Don't forget that Power Grips grip when you want them to, and release when you really need them to. I crashed in the weeds at 17MPH. The front wheel hit something, and I went flying over the handlebars, somersaulting three times. My feet came right out of the straps, and I am not going to use anything other than Power Grips. Incidentally, my Power Grips are 10 years old and still going strong. I just bought a recumbent bike, and guess what is going on those pedals? You guessed it, Power Grips!

Pedaling Pete said...

DIY Power Grips, next projekt Kent? ;)
http://www.geocities.jp/good4u/power_grips.html

Love reading your articles!
Wish you a rely Good New Year!

ted kohn said...

i'm not a serious rider. no touring. no races. but i had the same pair of power grips on my GT timberline for the past 14 years. they died (one of them) last week. i'm ordering new ones online and have come across a lot of people weighing in frankly i'm just happy they're still available. i love them but agree, it's preference. i do want to say, they will go from new to ugly pretty fast with the fray, and if you mountain bike the hardware can take a beating (bending). but they're so simple in design, there's little that can go wrong outside of cosmetic failure. love them love them love them. and frankly, i love the 'what the $&^% are those?' looks people give me when they see my pedals.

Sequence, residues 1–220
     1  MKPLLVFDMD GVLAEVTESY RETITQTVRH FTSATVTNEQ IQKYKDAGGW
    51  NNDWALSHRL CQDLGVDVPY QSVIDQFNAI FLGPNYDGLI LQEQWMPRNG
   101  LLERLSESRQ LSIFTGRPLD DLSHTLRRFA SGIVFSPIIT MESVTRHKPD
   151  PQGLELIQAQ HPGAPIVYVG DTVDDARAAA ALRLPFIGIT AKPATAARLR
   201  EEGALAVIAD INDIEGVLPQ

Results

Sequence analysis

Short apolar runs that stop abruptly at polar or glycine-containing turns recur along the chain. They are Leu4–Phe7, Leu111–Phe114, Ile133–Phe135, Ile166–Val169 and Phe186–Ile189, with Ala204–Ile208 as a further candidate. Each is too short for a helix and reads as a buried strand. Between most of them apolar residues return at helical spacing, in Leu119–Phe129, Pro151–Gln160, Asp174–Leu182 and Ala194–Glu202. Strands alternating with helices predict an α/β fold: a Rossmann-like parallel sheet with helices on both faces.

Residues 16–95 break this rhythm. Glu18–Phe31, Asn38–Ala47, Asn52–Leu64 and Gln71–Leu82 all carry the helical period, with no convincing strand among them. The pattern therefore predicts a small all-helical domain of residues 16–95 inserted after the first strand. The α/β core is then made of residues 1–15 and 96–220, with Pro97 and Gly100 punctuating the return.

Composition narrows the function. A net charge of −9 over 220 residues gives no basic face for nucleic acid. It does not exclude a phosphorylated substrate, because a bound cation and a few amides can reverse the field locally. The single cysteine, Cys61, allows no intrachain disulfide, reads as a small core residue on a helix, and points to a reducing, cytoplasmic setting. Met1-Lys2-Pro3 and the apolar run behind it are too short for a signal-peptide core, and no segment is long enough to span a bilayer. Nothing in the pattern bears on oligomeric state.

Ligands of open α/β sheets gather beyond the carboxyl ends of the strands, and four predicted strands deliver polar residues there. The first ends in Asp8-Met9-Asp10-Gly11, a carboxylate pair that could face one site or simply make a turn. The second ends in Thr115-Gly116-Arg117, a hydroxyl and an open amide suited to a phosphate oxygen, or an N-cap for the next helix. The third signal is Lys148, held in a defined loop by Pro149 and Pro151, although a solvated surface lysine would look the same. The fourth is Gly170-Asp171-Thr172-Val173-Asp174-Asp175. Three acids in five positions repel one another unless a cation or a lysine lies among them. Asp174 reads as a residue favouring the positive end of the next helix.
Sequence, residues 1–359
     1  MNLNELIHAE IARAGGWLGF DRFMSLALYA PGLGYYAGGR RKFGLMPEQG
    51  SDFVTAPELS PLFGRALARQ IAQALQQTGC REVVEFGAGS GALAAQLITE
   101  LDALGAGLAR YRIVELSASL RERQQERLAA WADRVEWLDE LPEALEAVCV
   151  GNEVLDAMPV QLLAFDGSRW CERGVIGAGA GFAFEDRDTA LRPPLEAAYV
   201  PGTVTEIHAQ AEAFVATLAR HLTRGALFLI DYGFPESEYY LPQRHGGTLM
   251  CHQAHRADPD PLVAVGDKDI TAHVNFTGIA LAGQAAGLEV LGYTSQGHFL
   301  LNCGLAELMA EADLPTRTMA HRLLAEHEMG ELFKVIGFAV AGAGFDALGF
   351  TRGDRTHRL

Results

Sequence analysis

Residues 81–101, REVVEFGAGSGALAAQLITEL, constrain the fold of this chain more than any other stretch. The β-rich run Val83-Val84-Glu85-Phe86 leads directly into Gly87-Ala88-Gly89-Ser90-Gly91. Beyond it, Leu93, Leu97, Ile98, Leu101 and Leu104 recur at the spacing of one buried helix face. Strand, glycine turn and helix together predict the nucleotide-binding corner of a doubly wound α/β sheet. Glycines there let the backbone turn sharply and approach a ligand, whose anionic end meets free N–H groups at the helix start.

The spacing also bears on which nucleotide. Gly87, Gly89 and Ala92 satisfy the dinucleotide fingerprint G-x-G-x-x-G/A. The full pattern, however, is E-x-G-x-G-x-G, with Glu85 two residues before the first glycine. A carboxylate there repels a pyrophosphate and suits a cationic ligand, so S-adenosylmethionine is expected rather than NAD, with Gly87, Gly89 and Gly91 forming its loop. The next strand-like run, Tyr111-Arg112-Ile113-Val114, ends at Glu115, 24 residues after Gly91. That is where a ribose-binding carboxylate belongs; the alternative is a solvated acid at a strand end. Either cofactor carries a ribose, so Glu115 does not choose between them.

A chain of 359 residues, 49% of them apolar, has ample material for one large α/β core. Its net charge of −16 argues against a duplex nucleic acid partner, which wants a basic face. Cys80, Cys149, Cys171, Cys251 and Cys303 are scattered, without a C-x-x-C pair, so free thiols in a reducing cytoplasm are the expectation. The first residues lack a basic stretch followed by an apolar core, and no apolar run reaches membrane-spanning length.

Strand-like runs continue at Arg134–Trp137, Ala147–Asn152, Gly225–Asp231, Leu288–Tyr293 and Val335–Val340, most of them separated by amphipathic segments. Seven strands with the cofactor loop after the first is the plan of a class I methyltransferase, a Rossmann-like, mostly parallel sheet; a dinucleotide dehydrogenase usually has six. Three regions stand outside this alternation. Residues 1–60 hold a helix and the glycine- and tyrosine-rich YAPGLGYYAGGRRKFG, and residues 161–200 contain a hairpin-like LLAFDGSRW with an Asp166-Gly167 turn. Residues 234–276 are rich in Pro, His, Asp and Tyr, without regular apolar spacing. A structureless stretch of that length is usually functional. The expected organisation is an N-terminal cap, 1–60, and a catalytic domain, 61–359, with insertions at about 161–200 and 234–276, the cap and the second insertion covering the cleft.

Anonymous said...

I made something like this before I even heard about power grips. Just take an old leather belt, cut to length, and then trim the ends so that they fit in the pedal. I just used some nuts and bolts to secure the strap. Has lasted me many years, and I have the rest of the belt when I need it.

Aaron said...

Thanks for the post!

16 years ago I was 20 with a $230 Nishiki MTB, on which I was riding 20 miles of road each day. I was by no means a serious cyclist, just a fat kid who was getting in shape on a mountain bike I bought for commuting to class.

I saw a pack of Power Grips on clearance, at the bike shop one afternoon, and thought they looked like they would work, were in my price range, and I didn't know any better! so I gave them a try. I still remember my "wow" moment the first time I rode with them and my average MPH for my 20 mile loop improved by 2 MPH!!! I could really make those knobbies hum!!

Well, I rode off 70 lbs that summer, and continued to ride that bike for many more years and many thousand miles of road and trail with the same pair of Power Grips.